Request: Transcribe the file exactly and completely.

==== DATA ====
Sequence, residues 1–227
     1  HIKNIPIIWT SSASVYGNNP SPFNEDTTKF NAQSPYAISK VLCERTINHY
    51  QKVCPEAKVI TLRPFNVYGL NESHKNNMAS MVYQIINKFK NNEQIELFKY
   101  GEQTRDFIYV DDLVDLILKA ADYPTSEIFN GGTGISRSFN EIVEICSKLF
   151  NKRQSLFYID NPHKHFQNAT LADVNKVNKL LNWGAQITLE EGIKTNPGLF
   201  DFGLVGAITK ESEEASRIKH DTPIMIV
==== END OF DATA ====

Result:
Sequence, residues 1–227
     1  HIKNIPIIWT SSASVYGNNP SPFNEDTTKF NAQSPYAISK VLCERTINHY
    51  QKVCPEAKVI TLRPFNVYGL NESHKNNMAS MVYQIINKFK NNEQIELFKY
   101  GEQTRDFIYV DDLVDLILKA ADYPTSEIFN GGTGISRSFN EIVEICSKLF
   151  NKRQSLFYID NPHKHFQNAT LADVNKVNKL LNWGAQITLE EGIKTNPGLF
   201  DFGLVGAITK ESEEASRIKH DTPIMIV